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Sugar substitutes and weight loss aren't friends


Key Takeaways: 

  • Sugar substitutes don't help with weight loss, according to a review by the World Health Organization. 
  • Sugar substitutes can cause food cravings and possibly more food consumption. 
  • Instead, consume foods with naturally occurring sugars, like fruit, or unsweetened food and beverages. 
various sugars

If you’re thinking about using sugar substitutes to help with weight loss, think again. That’s the word from the World Health Organization (WHO).

According to new guidelines, replacing free sugars with non-sugar sweeteners (NNS) doesn’t help people control their weight long-term. The WHO first issued guidelines on sugar intake in 2015, recommending that adults and children reduce their daily intake of free sugars to less than 10% of their total energy intake.

The latest review added that there might be "potential undesirable effects" from the long-term use of sugar substitutes such as an increased risk of type 2 diabetes and cardiovascular diseases. There were 283 studies included in the review.

Jason Crum, a dietitian with OSF HealthCare, agrees and adds there could be other potential risks.

“When you look at sugar substitutes, it's more why am I using the sugar substitutes? If I'm quickly replacing calories because I don't want calories from a can of Coca Cola or Pepsi, a sugar substitute would be something quicker to use,” he says. “However, most people are doing it for a long time, which is creating other problems.”

Those problems start with the gut. 

“We create dysbiosis – that altered gut bacteria,” Crum says. “They use the energy differently, and they make other products out of it, which we in turn absorb. And that messes with our receptors, our ability to understand what's going on in our gut. It triggers more cravings for those sugary foods anyway, it even helps us eat more, which can be an adverse thing for most people.”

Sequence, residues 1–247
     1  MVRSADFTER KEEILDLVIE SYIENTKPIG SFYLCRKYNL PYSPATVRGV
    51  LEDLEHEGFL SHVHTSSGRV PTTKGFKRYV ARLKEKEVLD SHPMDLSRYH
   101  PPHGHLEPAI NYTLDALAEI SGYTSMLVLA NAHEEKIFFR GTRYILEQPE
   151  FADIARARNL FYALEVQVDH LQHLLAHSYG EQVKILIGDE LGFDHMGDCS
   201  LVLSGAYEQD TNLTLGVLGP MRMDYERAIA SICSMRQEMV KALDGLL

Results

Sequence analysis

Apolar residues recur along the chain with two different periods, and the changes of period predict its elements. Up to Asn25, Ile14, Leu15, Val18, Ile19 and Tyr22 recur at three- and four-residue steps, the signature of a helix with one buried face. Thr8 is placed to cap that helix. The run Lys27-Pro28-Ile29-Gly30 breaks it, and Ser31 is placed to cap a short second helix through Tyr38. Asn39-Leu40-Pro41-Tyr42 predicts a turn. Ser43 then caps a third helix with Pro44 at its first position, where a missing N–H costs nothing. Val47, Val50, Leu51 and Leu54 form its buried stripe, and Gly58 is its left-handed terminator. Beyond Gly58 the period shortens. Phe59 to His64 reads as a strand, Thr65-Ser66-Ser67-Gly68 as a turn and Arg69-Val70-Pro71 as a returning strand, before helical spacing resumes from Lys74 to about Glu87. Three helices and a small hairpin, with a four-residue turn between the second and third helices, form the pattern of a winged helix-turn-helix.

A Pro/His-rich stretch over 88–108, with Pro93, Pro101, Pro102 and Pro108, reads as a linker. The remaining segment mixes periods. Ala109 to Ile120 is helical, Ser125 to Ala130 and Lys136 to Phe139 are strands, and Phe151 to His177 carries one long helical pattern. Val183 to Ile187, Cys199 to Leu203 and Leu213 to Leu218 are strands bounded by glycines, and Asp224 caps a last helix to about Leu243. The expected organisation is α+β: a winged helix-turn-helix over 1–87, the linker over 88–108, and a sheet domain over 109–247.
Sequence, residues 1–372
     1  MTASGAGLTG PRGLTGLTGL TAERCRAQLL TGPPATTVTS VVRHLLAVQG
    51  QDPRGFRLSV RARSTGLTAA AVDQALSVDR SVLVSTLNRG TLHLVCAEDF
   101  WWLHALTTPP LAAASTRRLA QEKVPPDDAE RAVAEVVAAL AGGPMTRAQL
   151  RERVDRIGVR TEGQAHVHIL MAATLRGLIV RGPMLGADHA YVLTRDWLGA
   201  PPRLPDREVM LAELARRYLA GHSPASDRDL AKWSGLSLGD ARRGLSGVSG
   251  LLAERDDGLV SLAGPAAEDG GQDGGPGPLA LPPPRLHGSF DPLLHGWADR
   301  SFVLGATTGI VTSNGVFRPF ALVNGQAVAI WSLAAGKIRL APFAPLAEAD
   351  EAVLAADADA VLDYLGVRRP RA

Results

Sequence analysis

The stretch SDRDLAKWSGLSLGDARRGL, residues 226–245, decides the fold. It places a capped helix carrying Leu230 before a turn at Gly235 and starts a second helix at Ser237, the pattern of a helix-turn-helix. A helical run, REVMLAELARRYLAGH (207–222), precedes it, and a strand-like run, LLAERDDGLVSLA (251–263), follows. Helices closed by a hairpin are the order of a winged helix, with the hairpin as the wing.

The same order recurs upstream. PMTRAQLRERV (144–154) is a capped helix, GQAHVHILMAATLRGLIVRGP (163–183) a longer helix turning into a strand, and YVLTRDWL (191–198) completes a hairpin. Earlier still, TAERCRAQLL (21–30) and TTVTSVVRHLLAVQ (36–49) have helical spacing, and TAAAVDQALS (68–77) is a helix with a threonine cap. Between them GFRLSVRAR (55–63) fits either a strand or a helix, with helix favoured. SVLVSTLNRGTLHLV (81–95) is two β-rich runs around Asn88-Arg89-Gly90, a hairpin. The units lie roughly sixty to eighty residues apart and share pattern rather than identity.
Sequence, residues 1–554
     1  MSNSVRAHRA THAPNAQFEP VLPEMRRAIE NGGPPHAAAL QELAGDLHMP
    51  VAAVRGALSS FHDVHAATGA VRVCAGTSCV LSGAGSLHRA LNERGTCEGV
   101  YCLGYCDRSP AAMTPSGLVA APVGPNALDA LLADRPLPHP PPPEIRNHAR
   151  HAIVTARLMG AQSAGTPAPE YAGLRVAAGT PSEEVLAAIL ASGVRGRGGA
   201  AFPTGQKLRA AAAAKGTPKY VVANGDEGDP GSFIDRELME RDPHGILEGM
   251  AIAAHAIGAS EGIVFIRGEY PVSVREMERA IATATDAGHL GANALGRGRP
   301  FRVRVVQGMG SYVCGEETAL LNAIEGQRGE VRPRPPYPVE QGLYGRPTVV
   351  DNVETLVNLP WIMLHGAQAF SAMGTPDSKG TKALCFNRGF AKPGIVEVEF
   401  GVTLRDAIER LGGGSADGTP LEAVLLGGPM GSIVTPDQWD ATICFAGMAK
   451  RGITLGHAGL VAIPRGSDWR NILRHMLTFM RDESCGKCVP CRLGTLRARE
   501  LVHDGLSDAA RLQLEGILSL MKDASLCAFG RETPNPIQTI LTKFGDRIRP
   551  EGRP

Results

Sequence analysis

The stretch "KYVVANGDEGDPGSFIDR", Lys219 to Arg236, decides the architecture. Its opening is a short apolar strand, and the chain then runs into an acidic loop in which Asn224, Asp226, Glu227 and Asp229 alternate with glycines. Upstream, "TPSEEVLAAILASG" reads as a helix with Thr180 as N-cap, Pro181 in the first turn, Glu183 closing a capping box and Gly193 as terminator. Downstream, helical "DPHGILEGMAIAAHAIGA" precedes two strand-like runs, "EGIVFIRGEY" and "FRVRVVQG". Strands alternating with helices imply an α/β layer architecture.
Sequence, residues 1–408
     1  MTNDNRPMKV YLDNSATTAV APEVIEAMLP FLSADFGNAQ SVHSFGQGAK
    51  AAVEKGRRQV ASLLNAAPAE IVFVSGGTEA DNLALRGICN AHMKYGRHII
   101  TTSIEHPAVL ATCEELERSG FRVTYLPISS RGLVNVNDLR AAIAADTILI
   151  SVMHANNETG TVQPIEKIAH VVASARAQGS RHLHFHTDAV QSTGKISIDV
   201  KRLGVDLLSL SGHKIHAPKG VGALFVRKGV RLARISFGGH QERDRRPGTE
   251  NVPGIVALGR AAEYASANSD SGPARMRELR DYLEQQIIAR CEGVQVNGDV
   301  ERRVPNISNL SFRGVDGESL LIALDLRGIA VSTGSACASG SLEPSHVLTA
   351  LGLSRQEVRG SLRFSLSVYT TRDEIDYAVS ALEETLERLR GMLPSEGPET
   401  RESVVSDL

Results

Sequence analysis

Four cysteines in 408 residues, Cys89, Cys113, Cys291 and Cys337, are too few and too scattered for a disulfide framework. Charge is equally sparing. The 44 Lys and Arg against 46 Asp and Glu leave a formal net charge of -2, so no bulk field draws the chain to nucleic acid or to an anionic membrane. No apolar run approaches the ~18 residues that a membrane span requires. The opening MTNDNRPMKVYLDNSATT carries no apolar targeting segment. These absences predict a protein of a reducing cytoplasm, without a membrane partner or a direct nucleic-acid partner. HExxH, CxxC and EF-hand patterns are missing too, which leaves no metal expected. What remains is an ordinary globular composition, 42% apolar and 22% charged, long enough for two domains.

Instead, experts say that other ways to reduce free sugars intake include consuming food with naturally occurring sugars, like fruit, or unsweetened food and beverages. Crum says it comes down to making a lifestyle change.

“For most of my clients we don’t want to expect weight loss by just simply avoiding the sugars and using sugar alcohols or sugar substitutes of a different type,” says Crum. “It's looking at why they are consuming the sugary form in the first place? They could have an imbalanced dietary intake, it could be eating foods at the wrong times, it could be emotionally eating. If you're going to have a sugar substitute, you're not quelling that emotional response anymore. So it makes those cravings worse later in the day, and you might end up eating more total calories then if you had something that had the sugar in it.”

Crum recommends people pay close attention to food labels when making decisions about sugar substitutes.

“What are the nutrition facts label telling me? Do I understand what a total carb is? Do I understand what the sugar is under there? Every four grams of added sugar is equivalent to one teaspoon, so if you have 12 grams of added sugar you have three teaspoons of sugar right there,” he says. “So, understanding that gives people an idea of where am I really at here.”

Crum says the bottom-line is don’t rely on sugar substitutes. If you do, you’ll end up craving more and eating more. Instead, evaluate why you’re selecting the foods you eat in the first place. It will make things easier in the long run rather than cutting out certain foods all at once. Going cold turkey, he adds, seldom works for most people.


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